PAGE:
After One-Hun­dred-and-Twen­ty: Reflect­ing on Death, Mourn­ing, and the After­life in the Jew­ish Tradition

Hil­lel Halkin

  • Review
By – May 3, 2016

This new edi­tion to the Library of Jew­ish Ideas series is at once a schol­ar­ly jour­ney, a med­i­ta­tion, and a remem­brance. Most like­ly there is noth­ing com­pa­ra­ble in print. In fact, toward the end of the book, Halkin lets us known that the con­cerns he has pur­sued are bare­ly men­tioned in the works of mod­ern and con­tem­po­rary Jew­ish writ­ers, includ­ing those who belong to one or anoth­er seg­ment of Orthodoxy.

And yet Halkin has cre­at­ed some­thing at once intel­lec­tu­al­ly stim­u­lat­ing, pro­found­ly fright­en­ing, and ulti­mate­ly reas­sur­ing. It is like plung­ing into the abyss and find­ing the buoy­an­cy and heal­ing pow­er of salt water. Some sug­ar as well.

Halkin makes it clear that his per­spec­tive is that of a non-obser­vant Jew, yet he is a knowl­edge­able one and, per­haps more impor­tant­ly, he is a curi­ous one. He asks, how can a life that has exist­ed cease to exist with­out a trace? How can the uni­verse have no mem­o­ry of it?” From here he enters the world of Jew­ish texts that con­sid­er Jew­ish notions of the afterlife.

After a pleas­ant­ly teas­ing intro­duc­tion, Halkin builds five stur­dy chap­ters in which he nav­i­gates through the his­to­ry of ideas as Jew­ish cul­ture under­goes large and small shifts and larg­er and small­er degrees of influ­ence from neigh­bor­ing cul­tures. He sets Jew­ish con­sid­er­a­tions of death and some­thing beyond it in the con­text of Greek, Egypt­ian, and Baby­lon­ian con­struc­tions, find­ing the com­mon denom­i­na­tors and the essen­tial­ly Jew­ish distinction.

Halkin was already at home with many of his sources before re-enter­ing them to extract this focused body of received wis­dom and spec­u­la­tion. He opens up the Tal­mud, the most rel­e­vant parts of the Torah, and rel­e­vant bib­li­cal-peri­od writ­ings that were not sanc­tioned by the Torah redac­tors. He employs the folk­loric sto­ries (Midrash) that bear upon his sub­ject. He imag­ines what Jew­ish life was like in order to fath­om what death meant and how to val­ue notions of after­life and under­stand them as nat­ur­al human respons­es. He dwells on Job and Kohelet, the book of Enoch I, and ear­ly Chris­t­ian writ­ings. Halkin explores the cus­toms and pre­scrip­tions regard­ing mourn­ing, includ­ing the Shiv­ah enter­prise and the need for mourn­ers to be bol­stered by a minyan. He con­sid­ers Jew­ish life and thought in the Mid­dle Ages, espe­cial­ly such authors and writ­ings as the Sa’adia Ga’on, Mai­monides, the Zohar, and Yosef Caro’s Shul­han Arukh. Every­where, Halkin sets works against one anoth­er so that they can illu­mi­nate one another.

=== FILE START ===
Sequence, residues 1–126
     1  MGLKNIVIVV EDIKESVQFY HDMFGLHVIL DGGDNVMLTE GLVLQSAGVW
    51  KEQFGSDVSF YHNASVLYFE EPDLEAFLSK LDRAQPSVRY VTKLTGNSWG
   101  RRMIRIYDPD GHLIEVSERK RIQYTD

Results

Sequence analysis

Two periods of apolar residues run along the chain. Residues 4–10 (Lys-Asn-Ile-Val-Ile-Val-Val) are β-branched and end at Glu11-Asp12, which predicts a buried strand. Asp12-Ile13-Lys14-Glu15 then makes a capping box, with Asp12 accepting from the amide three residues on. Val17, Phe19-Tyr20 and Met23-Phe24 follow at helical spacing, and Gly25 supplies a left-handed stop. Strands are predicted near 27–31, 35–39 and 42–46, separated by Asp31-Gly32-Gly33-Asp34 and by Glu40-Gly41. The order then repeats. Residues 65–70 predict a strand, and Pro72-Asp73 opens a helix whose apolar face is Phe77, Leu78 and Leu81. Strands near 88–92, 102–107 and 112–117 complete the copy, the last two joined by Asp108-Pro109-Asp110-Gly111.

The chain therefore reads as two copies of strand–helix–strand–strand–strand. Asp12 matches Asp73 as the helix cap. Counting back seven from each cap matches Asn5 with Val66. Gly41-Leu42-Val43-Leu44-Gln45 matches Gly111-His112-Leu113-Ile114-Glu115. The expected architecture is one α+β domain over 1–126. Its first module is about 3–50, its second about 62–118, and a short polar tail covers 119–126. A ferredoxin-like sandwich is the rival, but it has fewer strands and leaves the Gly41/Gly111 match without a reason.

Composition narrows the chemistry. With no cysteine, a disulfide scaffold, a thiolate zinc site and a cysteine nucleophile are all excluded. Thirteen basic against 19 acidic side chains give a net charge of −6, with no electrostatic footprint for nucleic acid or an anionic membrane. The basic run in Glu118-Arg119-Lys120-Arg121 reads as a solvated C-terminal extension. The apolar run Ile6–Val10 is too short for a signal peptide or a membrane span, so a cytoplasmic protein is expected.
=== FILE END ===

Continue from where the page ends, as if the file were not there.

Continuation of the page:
And along the way Halkin intro­duces mem­oir: his own per­son­al sto­ries of griev­ing or not griev­ing, per­form­ing or not per­form­ing pre­scribed rit­u­als of mourn­ing, of test­ing his imag­i­na­tion against his rea­son — and vice ver­sa. He shares his dreams and even his expe­ri­ence inquir­ing about buy­ing bur­ial plots for his wife and him­self. Why were they need­ed? How would the plots and the future head­stones insure remem­brance, as a form of immor­tal­i­ty? Why was this important?

It is the inter­ac­tive involve­ment of Halkin’s many fac­ul­ties of mind and imag­i­na­tion that makes this book sing. Beau­ti­ful­ly writ­ten and amaz­ing­ly com­pact for its breadth of vision and gen­er­ous sup­ply of live­ly source analy­ses, this is anoth­er mas­ter­work from a man who has writ­ten many. Just this one would have been enough.

Philip K. Jason is pro­fes­sor emer­i­tus of Eng­lish at the Unit­ed States Naval Acad­e­my. A for­mer edi­tor of Poet Lore, he is the author or edi­tor of twen­ty books, includ­ing Acts and Shad­ows: The Viet­nam War in Amer­i­can Lit­er­ary Cul­ture and Don’t Wave Good­bye: The Chil­dren’s Flight from Nazi Per­se­cu­tion to Amer­i­can Free­dom.

Discussion Questions